Why Your Building Needs a Technology Experience Leader

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Melissa Marsh
Melissa Marsh
I am a passionate practitioner of Workplace Strategy and a leader in Change Management services. By combining social science research with architectural expertise, I recommend evidence-based interventions that promote both individual wellness and business success through a more responsive built environment. In addition to working with clients across North America and Europe, I have contributed to courses for CoreNet and WORKTECH, spearheaded international learning and technology initiatives, and lectured at UVA, Cornell, and MIT’s Sloan School of Management.

A new role for new ways of working.

Image courtesy of PLASTARC.

No doubt, your building has a facilities manager. More than likely, your company has a chief technology officer. But, do you have a technology experience leader — a thought leader at the intersection of workplace and technology, who helps you make the most of both?

If you’re not familiar with this role, no worries. Just think of a technology experience leader as a CTO for your building: a visionary who’s equally well-versed in design, technology, business strategy, and human resources. Depending on your company, your “building CTO” is probably the person who will do the lion’s share of the following:

  • Mastermind the ways smart building technology can serve your business
  • Envision, oversee, and advocate for investments in your workplace’s tech infrastructure
  • Monitor the tech side of your building’s operations
  • Liaise between your workplace’s smart features and the employees who use them
  • Action the (many) suggestions for improvement that social data is delivering to his or her doorstep at every moment

The role of technology experience leader has come about in the recent past for two main reasons:

  1. Today’s tech-savvy top talent expect their workplace to be tech-enabled, so top organizations need to understand and offer current amenities to stay competitive
  2. Tech-enabled buildings produce scads of valuable data, so you’re missing opportunities for increased employee satisfaction, as well as cost savings, if you don’t know how to use it.

Let’s unpack these reasons a bit, then zoom out to the bigger picture.

Image courtesy of PLASTARC.

Our tech-enabled lives

Technology becomes a bigger part of our personal lives with each passing season. In 2017, we go out to dinner by searching Foursquare for restaurant recommendations and making reservations with OpenTable. After our meal, we check Snapchat to see who’s already out in the area, and meet friends for a nightcap at the corner bar. Then we rate our food and drink experiences on Yelp. We catch a ride home using Uber and rate the driver. When we reach our living room, we dim the lights using Hue, ask Netflix for a movie recommendation, then pronounce a star rating that will influence future suggestions.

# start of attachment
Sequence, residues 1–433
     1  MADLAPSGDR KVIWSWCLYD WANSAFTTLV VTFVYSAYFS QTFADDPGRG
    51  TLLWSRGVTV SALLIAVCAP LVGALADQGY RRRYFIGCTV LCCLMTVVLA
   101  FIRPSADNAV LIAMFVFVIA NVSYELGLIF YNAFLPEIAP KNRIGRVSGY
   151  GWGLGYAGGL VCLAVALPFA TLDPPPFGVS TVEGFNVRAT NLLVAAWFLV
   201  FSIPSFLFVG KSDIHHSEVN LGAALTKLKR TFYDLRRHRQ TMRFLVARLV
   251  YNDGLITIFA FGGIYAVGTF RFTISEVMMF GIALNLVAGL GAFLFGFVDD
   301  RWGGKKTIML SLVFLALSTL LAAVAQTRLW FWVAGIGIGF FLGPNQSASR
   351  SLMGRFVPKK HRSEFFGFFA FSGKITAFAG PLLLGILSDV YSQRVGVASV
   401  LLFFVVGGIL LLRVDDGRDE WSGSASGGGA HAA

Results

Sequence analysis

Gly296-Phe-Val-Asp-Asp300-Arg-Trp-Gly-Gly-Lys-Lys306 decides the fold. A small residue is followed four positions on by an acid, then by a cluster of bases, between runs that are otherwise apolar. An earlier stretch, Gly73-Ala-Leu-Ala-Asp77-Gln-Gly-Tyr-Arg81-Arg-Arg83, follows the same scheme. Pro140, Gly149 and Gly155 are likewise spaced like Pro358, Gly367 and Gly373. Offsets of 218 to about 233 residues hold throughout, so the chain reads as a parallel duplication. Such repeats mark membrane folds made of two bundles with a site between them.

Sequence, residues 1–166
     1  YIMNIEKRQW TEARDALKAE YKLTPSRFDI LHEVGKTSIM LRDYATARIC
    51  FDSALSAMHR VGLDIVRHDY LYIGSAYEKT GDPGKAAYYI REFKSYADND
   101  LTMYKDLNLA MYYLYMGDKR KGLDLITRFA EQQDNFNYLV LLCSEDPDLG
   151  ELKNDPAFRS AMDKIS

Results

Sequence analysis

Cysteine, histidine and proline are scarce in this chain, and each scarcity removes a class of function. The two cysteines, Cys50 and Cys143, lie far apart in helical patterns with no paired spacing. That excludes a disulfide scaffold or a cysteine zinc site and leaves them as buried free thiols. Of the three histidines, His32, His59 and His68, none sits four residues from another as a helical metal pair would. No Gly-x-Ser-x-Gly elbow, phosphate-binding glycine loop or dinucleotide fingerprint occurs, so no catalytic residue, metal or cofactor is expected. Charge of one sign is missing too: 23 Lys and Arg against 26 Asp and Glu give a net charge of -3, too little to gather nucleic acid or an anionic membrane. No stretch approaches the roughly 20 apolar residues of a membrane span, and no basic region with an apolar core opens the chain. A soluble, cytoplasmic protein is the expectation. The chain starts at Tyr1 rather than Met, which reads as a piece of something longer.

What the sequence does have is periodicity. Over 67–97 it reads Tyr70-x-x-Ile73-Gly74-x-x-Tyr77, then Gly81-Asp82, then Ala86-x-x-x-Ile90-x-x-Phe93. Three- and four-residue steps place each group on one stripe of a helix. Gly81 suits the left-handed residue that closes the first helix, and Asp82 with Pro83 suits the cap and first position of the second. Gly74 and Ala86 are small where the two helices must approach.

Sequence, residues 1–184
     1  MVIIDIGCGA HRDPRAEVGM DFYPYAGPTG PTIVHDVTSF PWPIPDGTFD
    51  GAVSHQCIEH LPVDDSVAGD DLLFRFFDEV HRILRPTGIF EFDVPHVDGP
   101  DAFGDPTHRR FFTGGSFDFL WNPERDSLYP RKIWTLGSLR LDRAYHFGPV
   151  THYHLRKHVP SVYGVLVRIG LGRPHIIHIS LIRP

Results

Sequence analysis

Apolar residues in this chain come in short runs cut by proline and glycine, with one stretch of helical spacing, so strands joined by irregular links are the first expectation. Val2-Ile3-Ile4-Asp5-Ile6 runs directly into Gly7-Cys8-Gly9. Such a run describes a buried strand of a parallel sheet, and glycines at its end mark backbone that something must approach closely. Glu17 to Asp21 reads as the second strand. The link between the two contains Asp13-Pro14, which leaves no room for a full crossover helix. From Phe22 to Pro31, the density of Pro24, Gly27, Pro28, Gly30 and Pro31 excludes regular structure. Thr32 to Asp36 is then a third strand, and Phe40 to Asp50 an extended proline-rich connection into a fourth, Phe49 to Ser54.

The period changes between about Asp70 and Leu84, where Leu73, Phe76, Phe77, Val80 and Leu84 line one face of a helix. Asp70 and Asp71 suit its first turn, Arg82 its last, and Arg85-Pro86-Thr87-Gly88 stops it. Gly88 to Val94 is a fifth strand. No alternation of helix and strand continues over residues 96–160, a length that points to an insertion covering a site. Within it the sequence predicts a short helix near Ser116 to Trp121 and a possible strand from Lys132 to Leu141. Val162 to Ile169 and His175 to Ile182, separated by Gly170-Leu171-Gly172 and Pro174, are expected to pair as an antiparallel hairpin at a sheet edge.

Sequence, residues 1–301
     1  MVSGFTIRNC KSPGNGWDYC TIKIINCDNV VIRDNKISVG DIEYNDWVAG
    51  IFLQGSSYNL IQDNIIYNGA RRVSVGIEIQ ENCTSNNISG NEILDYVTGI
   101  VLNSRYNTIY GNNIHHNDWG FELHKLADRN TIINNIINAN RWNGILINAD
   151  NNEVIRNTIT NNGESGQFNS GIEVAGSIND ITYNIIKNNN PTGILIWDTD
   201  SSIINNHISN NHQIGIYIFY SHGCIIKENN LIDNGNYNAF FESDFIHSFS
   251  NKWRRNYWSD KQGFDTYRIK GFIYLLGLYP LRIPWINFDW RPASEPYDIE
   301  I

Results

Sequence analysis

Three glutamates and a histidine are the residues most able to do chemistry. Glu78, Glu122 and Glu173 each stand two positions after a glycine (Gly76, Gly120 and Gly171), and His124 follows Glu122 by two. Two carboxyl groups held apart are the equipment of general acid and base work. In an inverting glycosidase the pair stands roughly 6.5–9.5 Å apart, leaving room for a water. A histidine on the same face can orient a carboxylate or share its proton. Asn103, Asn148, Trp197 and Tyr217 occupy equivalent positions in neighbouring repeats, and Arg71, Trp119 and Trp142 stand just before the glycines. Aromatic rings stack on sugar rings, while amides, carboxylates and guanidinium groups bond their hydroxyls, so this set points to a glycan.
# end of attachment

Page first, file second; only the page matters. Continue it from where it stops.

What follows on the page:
We see how easy and efficient tech has made our personal lives, and now we want to manage our work tasks with the same convenience. We want to register guests on LobbyLink, order our lunch through Seamless, find meeting venues on LiquidSpace — and then use DropThought to give our two cents about how it all went.

Today’s top companies are eager to recruit tech-savvy workers who know the digital landscape and will help their employers thrive in our increasingly tech-tied world. While many of the things that have always made job offers attractive remain the same — competitive pay, generous benefits, engaging work — companies who want to appeal to top talent must now also offer the technological amenities that many of the best and brightest have come to rely on from sunrise to sunset (and well beyond).

Image courtesy of PLASTARC.

What to do with all that data “ore” you mined

PLASTARC’s raison d’être is to make workplaces work better for people, so of all the facets a building CTO’s scope of work is likely to encompass, we take a particular interest in the role he or she can play in putting to good use the reams of social data any smart building is constantly spitting out.

Does your company’s proprietary app show which conference rooms are booked most often, and which sit vacant? Great — that can help your technology experience leader determine what makes a space appealing and do more of it, thereby curtailing traffic jams and avoiding empty lots. Do your employees use Comfy to control the temperature in their spaces? Great — your building CTO can aggregate their info to spot trends and anticipate what will make people climate-comfortable. Each such improvement might seem small on its own, but they quickly add up to a more inviting, more productive work environment (hello, top talent: you’re gonna love this place).

The very same premises go for saving your company dough. Does your organization collect badge swipe data that can show when the last person leaves for the night? Super — now your technology experience leader can make sure the office lights turn off behind her. The possibilities for curbing costs are as limitless as the opportunities for improving employee satisfaction.

Image courtesy of PLASTARC.

What does it all mean?

The increasingly central and important role technology experience leaders are playing in buildings today is just one of many indicators that the power of social data is beginning to dawn on the workplace. PLASTARC sees this as the start of a real golden age, one in which technology enables building design to focus first and foremost on serving and sustaining human experience.

If your building doesn’t have a CTO of its own, now’s a good time to start looking.

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